Many serious health problems are associated with obesity, including heart disease, diabetes, stroke, and high blood pressure. And new research suggests that the pandemic has had a detrimental effect on waistlines.
“When the pandemic began and shelter in place orders were happening across the nation, it made us think about the effect those orders and the changes in people’s day-to-day life would have on their cardiovascular health,” said Dr. Anthony Lin, an internal medicine resident at the University of California, San Francisco. “We were particularly curious about the impact it would have on people’s weight. So we decided to look at it through our own research.”
Lin is the lead author of a new article in the Journal of the American Medical Association that examined 269 patients who had blue-tooth connected smart scales and were part of the Health eHeart Study. The researchers found an average weight gain during the pandemic of about 1.5 pounds per month, or 18 pounds over a year.
The two likely causes are stress eating and lack of exercise. A BlueCross BlueShield survey found that almost half of adults have been eating more during the pandemic. A recent study in the Annals of Internal Medicine examined daily step count worldwide using smartphones found that in the U.S., daily step count had dropped 15% about two weeks after the pandemic was declared.
But the problem may be much worse than what was discovered in the JAMA study.
“The people in the Health eHeart Study are probably underrepresenting the average American,” Lin said. “The participants in the study enrolled in a program that tracks their cardiovascular health, and that may mean they are more health-conscious on average.”
Dr. Domenica Rubino, who runs the Washington Center for Weight Management and Research, said she has seen the pandemic affect her patients both ways.
“Some are doing better because they are better able to manage their day,” Rubino said. “But I have other patients who, with the anxiety, isolation, and worry, are now struggling more with their weight.”
She expects that pandemic-induced weight gain will have long-term consequences, such as higher rates of heart disease and diabetes.
“I would be surprised if it didn’t have an impact, especially since the pandemic is not over yet,” Rubino said.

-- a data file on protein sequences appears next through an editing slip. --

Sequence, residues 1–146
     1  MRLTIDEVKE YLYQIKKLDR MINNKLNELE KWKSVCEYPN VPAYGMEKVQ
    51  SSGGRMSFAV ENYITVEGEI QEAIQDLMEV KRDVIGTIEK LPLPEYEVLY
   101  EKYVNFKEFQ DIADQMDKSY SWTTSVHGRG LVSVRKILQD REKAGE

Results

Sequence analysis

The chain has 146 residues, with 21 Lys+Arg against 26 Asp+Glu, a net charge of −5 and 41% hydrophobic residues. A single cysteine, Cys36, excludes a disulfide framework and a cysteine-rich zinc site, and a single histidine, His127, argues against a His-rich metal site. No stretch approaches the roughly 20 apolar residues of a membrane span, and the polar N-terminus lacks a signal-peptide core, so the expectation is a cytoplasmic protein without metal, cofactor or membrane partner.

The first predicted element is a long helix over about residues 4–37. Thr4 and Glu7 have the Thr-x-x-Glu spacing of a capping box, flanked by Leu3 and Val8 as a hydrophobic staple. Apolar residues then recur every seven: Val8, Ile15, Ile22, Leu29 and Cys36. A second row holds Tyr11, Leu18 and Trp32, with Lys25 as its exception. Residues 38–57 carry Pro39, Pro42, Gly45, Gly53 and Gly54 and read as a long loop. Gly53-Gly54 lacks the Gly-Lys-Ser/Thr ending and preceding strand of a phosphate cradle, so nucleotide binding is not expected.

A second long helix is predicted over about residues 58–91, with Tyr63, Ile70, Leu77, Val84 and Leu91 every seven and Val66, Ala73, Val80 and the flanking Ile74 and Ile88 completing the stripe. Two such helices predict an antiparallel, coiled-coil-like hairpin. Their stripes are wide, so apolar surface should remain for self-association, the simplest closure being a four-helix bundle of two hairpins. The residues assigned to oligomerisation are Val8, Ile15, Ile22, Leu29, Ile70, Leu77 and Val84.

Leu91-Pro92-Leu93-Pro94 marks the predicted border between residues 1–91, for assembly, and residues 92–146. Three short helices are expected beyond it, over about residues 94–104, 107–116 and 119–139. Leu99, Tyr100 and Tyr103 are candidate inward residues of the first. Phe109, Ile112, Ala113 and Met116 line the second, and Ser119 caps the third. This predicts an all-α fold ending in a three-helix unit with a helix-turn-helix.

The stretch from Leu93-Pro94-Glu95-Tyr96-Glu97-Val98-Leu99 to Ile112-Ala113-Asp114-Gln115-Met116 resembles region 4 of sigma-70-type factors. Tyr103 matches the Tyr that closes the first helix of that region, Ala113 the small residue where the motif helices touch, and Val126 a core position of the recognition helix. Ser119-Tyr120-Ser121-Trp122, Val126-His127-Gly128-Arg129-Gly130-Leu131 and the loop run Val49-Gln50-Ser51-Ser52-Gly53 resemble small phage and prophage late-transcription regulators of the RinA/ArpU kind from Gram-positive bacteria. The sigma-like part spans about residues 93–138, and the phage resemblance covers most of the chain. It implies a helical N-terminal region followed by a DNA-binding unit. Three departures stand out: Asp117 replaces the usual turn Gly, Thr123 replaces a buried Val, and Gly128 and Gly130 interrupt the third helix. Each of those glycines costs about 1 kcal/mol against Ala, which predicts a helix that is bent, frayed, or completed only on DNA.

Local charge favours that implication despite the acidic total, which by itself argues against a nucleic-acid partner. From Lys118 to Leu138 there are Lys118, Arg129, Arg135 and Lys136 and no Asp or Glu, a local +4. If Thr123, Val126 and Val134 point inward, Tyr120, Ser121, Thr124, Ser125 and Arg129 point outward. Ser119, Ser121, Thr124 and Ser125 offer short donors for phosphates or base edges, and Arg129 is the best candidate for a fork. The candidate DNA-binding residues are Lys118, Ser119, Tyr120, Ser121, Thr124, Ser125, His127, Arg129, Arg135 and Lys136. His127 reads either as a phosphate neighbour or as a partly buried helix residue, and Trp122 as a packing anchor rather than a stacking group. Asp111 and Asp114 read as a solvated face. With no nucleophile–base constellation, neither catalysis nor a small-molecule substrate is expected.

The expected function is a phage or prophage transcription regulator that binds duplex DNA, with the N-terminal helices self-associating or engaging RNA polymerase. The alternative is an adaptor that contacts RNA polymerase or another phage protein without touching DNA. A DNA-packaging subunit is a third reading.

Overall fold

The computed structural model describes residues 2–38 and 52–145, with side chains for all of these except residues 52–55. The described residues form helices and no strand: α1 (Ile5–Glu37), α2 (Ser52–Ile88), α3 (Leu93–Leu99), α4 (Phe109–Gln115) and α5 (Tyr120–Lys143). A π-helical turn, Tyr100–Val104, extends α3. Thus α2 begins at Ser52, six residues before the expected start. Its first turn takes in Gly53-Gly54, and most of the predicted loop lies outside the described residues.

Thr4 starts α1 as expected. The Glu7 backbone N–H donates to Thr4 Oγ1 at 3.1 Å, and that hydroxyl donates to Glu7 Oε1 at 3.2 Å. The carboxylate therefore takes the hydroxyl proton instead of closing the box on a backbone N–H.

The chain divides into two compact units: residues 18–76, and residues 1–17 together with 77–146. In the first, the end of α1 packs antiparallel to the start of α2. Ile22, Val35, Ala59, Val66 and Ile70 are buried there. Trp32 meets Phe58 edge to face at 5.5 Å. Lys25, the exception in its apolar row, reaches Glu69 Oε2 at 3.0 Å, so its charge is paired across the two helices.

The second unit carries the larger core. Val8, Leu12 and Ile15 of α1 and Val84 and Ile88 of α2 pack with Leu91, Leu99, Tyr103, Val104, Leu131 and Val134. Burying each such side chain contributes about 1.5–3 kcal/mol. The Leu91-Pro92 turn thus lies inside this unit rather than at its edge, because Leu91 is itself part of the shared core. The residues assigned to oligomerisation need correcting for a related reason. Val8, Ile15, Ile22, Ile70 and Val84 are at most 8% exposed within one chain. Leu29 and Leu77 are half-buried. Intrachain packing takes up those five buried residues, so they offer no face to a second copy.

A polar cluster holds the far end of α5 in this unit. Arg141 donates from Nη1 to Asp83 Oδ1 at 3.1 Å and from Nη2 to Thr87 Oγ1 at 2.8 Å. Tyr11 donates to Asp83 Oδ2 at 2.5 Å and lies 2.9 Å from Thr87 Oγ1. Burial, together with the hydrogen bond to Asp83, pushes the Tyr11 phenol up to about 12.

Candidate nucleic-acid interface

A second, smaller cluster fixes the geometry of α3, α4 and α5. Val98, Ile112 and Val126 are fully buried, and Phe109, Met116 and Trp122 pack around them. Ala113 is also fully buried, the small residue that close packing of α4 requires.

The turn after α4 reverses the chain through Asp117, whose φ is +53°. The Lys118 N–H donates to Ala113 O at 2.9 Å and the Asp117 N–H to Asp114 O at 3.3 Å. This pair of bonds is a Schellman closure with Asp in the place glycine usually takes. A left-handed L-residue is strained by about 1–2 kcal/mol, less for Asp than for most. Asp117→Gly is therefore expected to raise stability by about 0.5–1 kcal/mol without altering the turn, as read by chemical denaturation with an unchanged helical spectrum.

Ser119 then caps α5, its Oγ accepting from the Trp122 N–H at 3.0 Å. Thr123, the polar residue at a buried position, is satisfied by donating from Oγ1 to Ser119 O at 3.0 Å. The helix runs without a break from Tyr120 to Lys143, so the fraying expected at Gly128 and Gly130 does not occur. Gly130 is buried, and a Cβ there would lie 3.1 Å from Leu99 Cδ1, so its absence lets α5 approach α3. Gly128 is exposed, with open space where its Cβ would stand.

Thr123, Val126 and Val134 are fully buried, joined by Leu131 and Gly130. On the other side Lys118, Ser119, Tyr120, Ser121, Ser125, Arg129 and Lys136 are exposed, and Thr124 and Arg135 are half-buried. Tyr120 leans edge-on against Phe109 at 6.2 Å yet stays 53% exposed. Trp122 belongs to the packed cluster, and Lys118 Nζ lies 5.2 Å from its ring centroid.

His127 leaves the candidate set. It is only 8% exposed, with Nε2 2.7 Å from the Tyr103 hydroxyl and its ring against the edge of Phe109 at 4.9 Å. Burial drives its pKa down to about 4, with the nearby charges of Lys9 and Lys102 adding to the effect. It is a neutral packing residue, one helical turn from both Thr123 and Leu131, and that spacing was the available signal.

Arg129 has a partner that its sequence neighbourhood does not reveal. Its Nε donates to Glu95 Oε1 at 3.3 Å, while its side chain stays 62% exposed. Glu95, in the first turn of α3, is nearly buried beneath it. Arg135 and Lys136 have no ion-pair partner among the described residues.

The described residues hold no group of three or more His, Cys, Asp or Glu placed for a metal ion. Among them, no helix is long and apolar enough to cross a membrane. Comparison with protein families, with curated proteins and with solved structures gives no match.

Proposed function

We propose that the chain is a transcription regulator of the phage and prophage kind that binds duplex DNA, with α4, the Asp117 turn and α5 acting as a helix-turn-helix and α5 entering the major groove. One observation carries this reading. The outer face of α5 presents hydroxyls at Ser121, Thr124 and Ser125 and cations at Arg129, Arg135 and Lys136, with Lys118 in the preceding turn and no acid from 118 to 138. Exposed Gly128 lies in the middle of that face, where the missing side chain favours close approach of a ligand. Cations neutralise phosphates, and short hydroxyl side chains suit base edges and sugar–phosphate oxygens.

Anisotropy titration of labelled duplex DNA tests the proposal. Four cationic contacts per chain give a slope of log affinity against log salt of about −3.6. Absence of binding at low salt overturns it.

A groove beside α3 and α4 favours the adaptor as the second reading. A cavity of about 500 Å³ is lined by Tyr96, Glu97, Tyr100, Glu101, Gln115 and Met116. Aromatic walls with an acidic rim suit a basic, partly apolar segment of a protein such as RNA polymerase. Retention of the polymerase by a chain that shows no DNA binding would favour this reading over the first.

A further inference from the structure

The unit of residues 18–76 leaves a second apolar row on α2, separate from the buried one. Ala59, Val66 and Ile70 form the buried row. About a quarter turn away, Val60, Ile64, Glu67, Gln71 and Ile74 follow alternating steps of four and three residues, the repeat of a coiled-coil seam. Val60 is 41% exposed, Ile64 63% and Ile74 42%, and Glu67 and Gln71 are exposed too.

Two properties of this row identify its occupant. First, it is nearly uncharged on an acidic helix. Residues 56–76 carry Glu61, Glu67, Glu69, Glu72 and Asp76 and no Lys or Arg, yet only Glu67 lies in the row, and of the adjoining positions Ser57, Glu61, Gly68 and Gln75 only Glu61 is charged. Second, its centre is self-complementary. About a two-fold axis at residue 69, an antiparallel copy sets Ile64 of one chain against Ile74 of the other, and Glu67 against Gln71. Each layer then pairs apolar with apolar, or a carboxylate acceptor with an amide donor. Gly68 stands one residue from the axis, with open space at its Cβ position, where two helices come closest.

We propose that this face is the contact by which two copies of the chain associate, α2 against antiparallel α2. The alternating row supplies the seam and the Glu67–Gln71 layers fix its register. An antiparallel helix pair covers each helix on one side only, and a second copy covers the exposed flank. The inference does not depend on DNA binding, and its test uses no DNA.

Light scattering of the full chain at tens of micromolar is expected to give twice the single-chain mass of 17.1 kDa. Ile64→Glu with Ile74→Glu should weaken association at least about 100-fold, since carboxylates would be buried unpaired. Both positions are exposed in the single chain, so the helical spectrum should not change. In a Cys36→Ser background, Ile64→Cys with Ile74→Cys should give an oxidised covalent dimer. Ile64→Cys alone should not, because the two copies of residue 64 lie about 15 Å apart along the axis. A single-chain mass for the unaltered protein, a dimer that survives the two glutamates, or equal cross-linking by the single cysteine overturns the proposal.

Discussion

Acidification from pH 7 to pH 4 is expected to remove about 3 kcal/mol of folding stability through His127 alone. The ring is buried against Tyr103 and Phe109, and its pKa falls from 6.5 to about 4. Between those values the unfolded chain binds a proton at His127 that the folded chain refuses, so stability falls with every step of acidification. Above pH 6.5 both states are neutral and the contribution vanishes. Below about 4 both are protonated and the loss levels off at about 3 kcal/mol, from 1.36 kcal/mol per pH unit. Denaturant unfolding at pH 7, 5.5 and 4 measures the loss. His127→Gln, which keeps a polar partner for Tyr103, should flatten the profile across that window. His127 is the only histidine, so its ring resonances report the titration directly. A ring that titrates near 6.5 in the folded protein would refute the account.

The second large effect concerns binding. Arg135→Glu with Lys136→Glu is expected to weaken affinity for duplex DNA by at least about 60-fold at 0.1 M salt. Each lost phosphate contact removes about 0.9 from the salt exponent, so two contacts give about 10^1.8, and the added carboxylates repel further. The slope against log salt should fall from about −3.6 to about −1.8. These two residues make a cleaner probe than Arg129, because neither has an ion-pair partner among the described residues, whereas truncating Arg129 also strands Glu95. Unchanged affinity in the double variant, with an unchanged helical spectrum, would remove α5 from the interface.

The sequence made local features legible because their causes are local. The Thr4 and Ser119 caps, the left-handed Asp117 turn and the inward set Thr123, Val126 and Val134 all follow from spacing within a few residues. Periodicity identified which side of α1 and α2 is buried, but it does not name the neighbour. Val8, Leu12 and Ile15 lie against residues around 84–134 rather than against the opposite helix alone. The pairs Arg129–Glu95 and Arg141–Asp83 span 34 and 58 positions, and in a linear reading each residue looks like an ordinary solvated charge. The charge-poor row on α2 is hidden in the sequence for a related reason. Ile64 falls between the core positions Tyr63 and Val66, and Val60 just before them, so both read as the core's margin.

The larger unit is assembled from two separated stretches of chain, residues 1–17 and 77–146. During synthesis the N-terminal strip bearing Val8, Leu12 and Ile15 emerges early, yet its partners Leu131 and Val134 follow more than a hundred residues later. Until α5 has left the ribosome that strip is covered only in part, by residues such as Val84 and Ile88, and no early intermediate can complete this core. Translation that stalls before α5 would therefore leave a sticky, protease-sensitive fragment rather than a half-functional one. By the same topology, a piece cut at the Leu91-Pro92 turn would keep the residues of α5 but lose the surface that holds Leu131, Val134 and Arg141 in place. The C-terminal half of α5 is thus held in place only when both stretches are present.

Dr. Leanne Redman, director of the Reproductive Endocrinology & Women’s Health Laboratory at Louisiana State University, recently co-authored a study that found that people suffering from obesity had a higher overall weight gain during the pandemic.
“If the unhealthy behaviors continue, the long-term health consequences could potentially be very damaging. Those health consequences are of even greater concern for people with obesity,” Redman said. “Our study did not measure long-term health complications, but we know that it’s far more difficult to lose weight and keep it off than to gain it, no matter the cause.”
It is possible that the weight gain from the pandemic might have already had serious health consequences. Death from heart disease increased during the pandemic, according to a study in the Journal of the American Journal of Cardiology.
That has been attributed to patients’ reluctance to visit their doctor or the emergency room for fear of contracting COVID-19. But Rubino argued that weight gain could have been a factor.
“Weight gain is going to increase insulin resistance, and it’s going to increase blood sugar, which are related [to heart disease],” said Rubino.
It is unlikely that a return to normal will fix the problem.
“There may be some people who didn’t struggle with weight before the pandemic, and once they get back to their normal routine, they’ll be fine,” said Rubino. “But for people who struggle with weight, their bodies will likely get comfortable at their new weight, which is typically what we see.”